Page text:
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$1 billion BMS Ooops...



 
 
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  #171  
Old April 3rd 21, 08:21 PM posted to rec.aviation.soaring
2G
external usenet poster
 
Posts: 1,385
Default $1 billion BMS Ooops...

On Friday, April 2, 2021 at 5:35:53 AM UTC-7, Hank Nixon wrote:
On Friday, April 2, 2021 at 12:40:11 AM UTC-4, 2G wrote:
On Wednesday, March 31, 2021 at 4:25:19 PM UTC-7, Hank Nixon wrote:
On Sunday, March 7, 2021 at 11:30:14 PM UTC-5, 2G wrote:
On Thursday, March 4, 2021 at 1:55:30 PM UTC-8, Kenn Sebesta wrote:
A hybrid system with a gas engine wouldn't have the pucker factor associated with starting a
gas powered motorglider to avoid a landing: if the hybrid engine doesn't start, it just means
your potential retrieve distance is shorter, instead of an imminent landing.
I'll wade in here with some experience. Top Flight, a Boston startup specializing in hybrid propulsion systems, spend over half a decade developing their power unit. The hardest part for them was developing a unit which was reliable. Motors don't like vibration and they don't like heat. Combine the two together and the motor is not long for this world. It took a lot more R&D than anyone expected to make a lightweight package which could survive.

I would not expect anyone to be deploying this technology anytime soon. If and when it is commercialized, it will be useful for ferry flights of electric aircraft. For any use which requires permanent installation, you're probably better having it drive the propeller directly.

eGliders, I sense a tone here which is reminiscent of discussions about finally putting the 2-33 to rest. The US is no longer the forefront of light aviation, so we need to look east to see what the trends are. We know that leading glider manufacturers are racing to bring eGliders to market. A gentleman who works on glider competition rules noted this summer that glider records are falling left and right to eGliders. There is a growing group of amateurs who are pulling their engines out of their gas self-launchers and replacing them with electric (If you'd like to be a part of this group, DM me). The future was yesterday, but like any future it doesn't arrive at all places at once.

Why don't you start by naming JUST ONE that replaced an ICE with an electric.

Tom
i missed the comment above but will name one who has replaced ICE with electric. That would be me. My ASW-24E(L) has been flying for over a year and has done the first self launch.
UH

And you missed my reply to whomever pointed that out. Basically, you did it to achieve self-launch capability and the effort involved was not worth it.

It was worth it to me. My objective was(is) a self launching sailplane of practical size and weight for regular assembly and disassembly that I can fly when I don't have a towplane available. This may not meet your needs or objectives. It has been an interesting and challenging project, not without setbacks. A good project for a retired engineer and sailplane modifier that wanted something interesting to do. You seem to think that something that does not meet your needs is not worthwhile. An open mind that sees that there are many valid points of view is a good thing.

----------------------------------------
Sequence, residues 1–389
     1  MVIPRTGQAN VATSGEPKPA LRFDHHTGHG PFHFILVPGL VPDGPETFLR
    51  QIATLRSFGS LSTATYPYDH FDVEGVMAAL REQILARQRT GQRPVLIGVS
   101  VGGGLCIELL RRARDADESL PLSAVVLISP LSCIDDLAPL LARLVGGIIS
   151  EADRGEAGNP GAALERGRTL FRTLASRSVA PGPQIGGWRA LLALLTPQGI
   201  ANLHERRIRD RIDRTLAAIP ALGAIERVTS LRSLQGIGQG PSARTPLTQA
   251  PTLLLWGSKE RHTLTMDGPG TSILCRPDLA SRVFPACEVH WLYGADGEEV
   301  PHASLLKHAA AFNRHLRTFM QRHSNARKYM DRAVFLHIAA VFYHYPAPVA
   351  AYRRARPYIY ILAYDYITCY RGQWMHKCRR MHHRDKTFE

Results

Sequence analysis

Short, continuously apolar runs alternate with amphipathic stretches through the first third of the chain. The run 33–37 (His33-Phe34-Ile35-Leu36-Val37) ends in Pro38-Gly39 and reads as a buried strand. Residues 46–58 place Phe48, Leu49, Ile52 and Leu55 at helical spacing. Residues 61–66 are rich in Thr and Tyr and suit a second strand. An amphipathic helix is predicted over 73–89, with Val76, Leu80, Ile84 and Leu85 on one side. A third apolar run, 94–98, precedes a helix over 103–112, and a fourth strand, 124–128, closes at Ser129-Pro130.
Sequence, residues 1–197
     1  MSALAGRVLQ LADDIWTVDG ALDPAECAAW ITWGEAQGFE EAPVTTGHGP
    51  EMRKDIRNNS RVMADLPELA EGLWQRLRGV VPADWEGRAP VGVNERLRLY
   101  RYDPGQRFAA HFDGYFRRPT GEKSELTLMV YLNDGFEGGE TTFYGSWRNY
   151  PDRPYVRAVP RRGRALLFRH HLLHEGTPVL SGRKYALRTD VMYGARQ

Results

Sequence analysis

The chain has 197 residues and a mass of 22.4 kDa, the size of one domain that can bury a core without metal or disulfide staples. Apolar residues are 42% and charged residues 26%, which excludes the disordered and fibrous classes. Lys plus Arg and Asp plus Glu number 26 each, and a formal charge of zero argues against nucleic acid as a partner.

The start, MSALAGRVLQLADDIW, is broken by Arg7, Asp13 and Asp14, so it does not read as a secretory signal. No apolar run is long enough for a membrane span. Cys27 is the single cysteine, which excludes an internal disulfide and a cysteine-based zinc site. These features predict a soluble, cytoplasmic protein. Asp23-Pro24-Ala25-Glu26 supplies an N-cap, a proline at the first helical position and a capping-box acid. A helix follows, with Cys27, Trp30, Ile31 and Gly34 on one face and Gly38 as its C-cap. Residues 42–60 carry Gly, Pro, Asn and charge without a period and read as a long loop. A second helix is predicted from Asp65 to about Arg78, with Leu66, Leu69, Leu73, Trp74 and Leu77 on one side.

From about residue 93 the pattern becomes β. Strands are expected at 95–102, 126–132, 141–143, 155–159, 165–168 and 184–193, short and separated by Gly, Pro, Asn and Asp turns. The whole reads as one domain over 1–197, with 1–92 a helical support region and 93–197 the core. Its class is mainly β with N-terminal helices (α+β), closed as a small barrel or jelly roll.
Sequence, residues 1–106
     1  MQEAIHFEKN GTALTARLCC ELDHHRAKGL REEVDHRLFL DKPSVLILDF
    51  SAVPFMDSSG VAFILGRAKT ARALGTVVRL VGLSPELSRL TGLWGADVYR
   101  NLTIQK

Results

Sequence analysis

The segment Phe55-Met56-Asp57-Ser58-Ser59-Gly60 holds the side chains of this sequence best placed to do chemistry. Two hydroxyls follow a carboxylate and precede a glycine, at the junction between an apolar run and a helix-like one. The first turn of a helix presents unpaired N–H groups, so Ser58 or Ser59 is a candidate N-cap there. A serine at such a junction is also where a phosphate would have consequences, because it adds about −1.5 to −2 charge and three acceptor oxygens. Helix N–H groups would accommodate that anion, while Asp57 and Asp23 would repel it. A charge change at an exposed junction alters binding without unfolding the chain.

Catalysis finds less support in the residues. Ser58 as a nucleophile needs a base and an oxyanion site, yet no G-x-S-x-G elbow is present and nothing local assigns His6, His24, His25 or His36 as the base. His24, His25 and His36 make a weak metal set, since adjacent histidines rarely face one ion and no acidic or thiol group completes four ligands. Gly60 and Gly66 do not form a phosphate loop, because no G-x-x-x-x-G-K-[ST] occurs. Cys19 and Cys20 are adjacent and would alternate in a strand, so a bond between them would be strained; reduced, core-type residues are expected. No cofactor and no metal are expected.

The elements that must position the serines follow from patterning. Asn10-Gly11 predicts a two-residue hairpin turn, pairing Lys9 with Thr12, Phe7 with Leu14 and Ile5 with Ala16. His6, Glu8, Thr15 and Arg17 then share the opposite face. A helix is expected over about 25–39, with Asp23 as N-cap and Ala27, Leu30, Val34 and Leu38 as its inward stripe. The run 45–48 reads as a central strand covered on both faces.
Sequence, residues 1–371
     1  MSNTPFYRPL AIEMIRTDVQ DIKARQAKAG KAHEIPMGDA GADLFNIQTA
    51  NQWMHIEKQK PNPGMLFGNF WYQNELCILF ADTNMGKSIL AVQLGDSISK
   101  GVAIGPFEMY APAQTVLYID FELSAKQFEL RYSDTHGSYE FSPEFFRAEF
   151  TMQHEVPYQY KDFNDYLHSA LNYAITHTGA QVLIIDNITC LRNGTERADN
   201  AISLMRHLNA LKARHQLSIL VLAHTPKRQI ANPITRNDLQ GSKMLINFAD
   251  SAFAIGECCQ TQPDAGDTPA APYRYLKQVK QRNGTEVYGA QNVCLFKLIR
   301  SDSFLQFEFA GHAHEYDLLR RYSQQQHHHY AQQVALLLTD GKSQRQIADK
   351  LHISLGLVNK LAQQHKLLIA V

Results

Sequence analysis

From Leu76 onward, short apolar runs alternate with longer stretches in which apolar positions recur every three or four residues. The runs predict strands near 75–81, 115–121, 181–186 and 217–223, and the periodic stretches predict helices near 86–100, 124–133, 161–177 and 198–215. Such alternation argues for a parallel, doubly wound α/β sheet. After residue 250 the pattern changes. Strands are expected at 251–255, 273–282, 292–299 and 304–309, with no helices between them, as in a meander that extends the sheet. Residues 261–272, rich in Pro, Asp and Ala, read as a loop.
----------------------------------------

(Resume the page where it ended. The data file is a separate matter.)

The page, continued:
That said, I'm not suggesting that others that don't have my experience, time, and resources try do do the same thing.
How hard could it be?
UH


I'm not suggesting anything - I raised the question of who had done this conversion when it was implied that several had done it because electric is so superior to ICE. Your final conclusion was that it is easier to buy an electric glider than to make this conversion (which I don't find surprising). Congratulations on successfully completing the project.

How hard could it be? A LOT DAMN HARDER than you think when beginning the project. And when you are done you have a one-of-a-kind glider that will be more difficult to sell than a production model.

Tom
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  #172  
Old April 5th 21, 04:33 PM posted to rec.aviation.soaring
Herbert kilian
external usenet poster
 
Posts: 45
Default $1 billion BMS Ooops...

On Saturday, April 3, 2021 at 2:21:58 PM UTC-5, 2G wrote:
On Friday, April 2, 2021 at 5:35:53 AM UTC-7, Hank Nixon wrote:
On Friday, April 2, 2021 at 12:40:11 AM UTC-4, 2G wrote:
On Wednesday, March 31, 2021 at 4:25:19 PM UTC-7, Hank Nixon wrote:
On Sunday, March 7, 2021 at 11:30:14 PM UTC-5, 2G wrote:
On Thursday, March 4, 2021 at 1:55:30 PM UTC-8, Kenn Sebesta wrote:
A hybrid system with a gas engine wouldn't have the pucker factor associated with starting a
gas powered motorglider to avoid a landing: if the hybrid engine doesn't start, it just means
your potential retrieve distance is shorter, instead of an imminent landing.
I'll wade in here with some experience. Top Flight, a Boston startup specializing in hybrid propulsion systems, spend over half a decade developing their power unit. The hardest part for them was developing a unit which was reliable. Motors don't like vibration and they don't like heat. Combine the two together and the motor is not long for this world. It took a lot more R&D than anyone expected to make a lightweight package which could survive.

I would not expect anyone to be deploying this technology anytime soon. If and when it is commercialized, it will be useful for ferry flights of electric aircraft. For any use which requires permanent installation, you're probably better having it drive the propeller directly.

eGliders, I sense a tone here which is reminiscent of discussions about finally putting the 2-33 to rest. The US is no longer the forefront of light aviation, so we need to look east to see what the trends are.. We know that leading glider manufacturers are racing to bring eGliders to market. A gentleman who works on glider competition rules noted this summer that glider records are falling left and right to eGliders. There is a growing group of amateurs who are pulling their engines out of their gas self-launchers and replacing them with electric (If you'd like to be a part of this group, DM me). The future was yesterday, but like any future it doesn't arrive at all places at once.